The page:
• Name: Jerry Rubin
• Age: 68
• Occupation: Peace activist
• Neighborhood in which you live: Ocean Park
• Own or rent: Own
• Marital status/kids: Married to my beautiful wife Marissa for nearly 30 years. Two cat children, Sunny and Polly
• Obama or Romney: Obama!
• Education: Where did you attend and what degrees do you have? H.S.D. Degree (High School Dropout). Also, two years at Santa Monica College.
• Why are you running for City Council, what makes you qualified to lead and what role do you see yourself playing on the dais if elected?
I’m running to draw attention to community issues and encourage community involvement and activism. My chances are slim, but I do think I would be a good council member. There are many other good candidates, so if once again not elected, I will still be attending City Council and other important civic meetings.
• What are Santa Monica’s three major strengths and weaknesses? What will you do to ensure the strengths remain and the weaknesses contained?
Major strengths: Great city, dedicated city staff, great people from around the corner and around the world. Major weaknesses: Not enough win-win solutions, not enough trees, too much airport pollution. The question is what will we all do together to accentuate the positive and eliminate the negative?
• Homelessness continues to be a significant concern of many residents and business owners. How would you rate City Hall’s response over the last four years, what will you advocate for and does that mean more or less funding?
Santa Monica is working hard to deal with the difficult issue of homelessness, but more public and private funding would be helpful. The city is much less polarized regarding homelessness than it was just a few years ago. We need to support more help for homeless veterans. We also need to further accelerate the housing-first approach. Virtually no one really wants to be homeless, but there are still too many people who wrongly and sadly still hold that misconception. Here’s a sticker slogan to reflect on: “Feed the poor and homeless, not the Pentagon and bomb makers.”
• Where do you stand on the City Council’s decision to increase the campaign contribution limit from $250 to $325?
It was a very reasonable increase. Sadly, it is expensive to run a campaign. … I’m not soliciting any campaign contributions, but I am encouraging people to attend the candidate forums, call all the candidates or visit all their websites and seek out your own answers. Don’t simply rely on the sleekest looking or sounding campaign literature. Be wary of fear mongering and personal attack campaign brochures. Elections can often be more confusing than clarifying. But you can decide to not be confused. … People sometimes say I’m not a serious candidate because I’m not soliciting campaign contributions. By that standard election definition of “serious” they have a point, but I assure you that my involvement in our city and the election campaign process is being done with the most serious of intentions.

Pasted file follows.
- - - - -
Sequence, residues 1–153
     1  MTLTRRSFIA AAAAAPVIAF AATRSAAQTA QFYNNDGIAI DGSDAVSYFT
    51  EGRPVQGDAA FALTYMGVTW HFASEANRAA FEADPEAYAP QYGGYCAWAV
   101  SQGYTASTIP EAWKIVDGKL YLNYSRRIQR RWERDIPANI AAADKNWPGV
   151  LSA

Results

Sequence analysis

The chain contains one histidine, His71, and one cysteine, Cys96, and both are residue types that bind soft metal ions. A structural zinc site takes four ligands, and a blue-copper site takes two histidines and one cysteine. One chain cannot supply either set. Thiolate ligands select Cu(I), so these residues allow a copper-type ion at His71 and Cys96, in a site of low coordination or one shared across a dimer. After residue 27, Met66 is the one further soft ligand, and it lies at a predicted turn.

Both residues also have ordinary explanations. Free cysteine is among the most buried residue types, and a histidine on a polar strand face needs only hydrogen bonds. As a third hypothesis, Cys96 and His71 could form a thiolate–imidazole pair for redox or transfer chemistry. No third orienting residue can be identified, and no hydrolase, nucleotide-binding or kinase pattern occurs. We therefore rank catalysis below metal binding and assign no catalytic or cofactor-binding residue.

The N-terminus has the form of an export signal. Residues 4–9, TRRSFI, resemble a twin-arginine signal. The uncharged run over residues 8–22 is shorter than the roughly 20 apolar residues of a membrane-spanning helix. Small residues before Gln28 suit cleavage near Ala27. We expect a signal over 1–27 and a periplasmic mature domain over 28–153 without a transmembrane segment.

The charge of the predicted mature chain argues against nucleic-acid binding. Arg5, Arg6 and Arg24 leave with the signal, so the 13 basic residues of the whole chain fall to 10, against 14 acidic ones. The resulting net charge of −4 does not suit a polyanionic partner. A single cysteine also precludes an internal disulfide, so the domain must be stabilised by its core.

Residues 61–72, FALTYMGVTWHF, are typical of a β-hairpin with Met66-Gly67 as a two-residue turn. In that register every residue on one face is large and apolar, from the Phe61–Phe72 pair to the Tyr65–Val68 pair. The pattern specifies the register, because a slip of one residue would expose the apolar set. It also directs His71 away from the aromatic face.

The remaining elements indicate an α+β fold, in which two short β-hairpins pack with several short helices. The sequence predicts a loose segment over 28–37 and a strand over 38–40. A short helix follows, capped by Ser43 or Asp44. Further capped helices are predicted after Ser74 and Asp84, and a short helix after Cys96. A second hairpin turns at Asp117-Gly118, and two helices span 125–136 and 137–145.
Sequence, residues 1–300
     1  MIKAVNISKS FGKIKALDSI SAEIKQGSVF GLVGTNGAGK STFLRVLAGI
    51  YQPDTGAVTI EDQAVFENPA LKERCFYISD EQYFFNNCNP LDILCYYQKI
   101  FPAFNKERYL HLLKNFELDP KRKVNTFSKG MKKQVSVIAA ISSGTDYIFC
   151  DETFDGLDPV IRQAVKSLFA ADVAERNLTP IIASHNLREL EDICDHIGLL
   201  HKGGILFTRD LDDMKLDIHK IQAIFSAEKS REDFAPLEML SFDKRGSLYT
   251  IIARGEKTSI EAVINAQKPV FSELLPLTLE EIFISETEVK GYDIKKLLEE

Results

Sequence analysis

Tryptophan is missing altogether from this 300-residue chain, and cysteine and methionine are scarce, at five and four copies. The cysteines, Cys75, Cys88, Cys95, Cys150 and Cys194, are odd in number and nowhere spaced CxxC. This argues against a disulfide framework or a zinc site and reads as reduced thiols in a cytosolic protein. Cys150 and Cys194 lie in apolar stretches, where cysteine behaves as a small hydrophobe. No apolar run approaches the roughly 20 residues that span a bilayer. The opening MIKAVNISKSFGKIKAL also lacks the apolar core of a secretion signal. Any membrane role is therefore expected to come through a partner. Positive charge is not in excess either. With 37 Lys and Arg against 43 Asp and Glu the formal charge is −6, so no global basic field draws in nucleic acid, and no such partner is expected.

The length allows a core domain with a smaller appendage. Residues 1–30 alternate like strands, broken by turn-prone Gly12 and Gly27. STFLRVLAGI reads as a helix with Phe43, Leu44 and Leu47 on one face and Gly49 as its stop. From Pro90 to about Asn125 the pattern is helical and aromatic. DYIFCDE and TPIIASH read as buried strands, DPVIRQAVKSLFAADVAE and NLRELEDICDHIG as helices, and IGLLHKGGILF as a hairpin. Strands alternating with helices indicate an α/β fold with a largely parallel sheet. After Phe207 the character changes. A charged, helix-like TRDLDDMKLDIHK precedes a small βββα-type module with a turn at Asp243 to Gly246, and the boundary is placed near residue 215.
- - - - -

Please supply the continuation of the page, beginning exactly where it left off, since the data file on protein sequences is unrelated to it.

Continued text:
• Will you sponsor a local law banning smoking within multi-family residential units, i.e. condos and apartments? If not, what would you support?
Absolutely yes. I supported steps toward banning smoking in our parks, our beaches, the Third Street Promenade and Santa Monica Pier, our bars and clubs, our outdoor dining areas, and our apartment and condo patios and common areas. But when second-hand smoke from your neighbors is coming into your residence and affecting you and your family’s health, then something must be done.
• If elected, would you allow medical marijuana dispensaries to set up shop in Santa Monica?
I would, but in a limited manner.
• What policies will you support that will enable Santa Monica to deal with the increased competition for resources and the need to be sustainable, particularly when it comes to water and power consumption/generation?
We should eventually have all our own water. We should be promoting solar energy on more rooftops. We should be doing planting that requires less watering. We should be driving our cars a bit less and taking the bus and other modes of alternative transportation more. And we should be taking shorter showers, because how over-clean do we really need to get?
An activist should have hobbies, but I really don’t. I used to collect baseball cards, coins and postage stamps. Now I’m simply collecting fond memories. I know that going to meetings is really not a hobby. Maybe I’ll get a book on hobbies to see what I might be missing. But for the most part, life is good and I’m pretty happy. Except when I think of all the bad things in the world. Maybe I should take up the hobby of not worrying.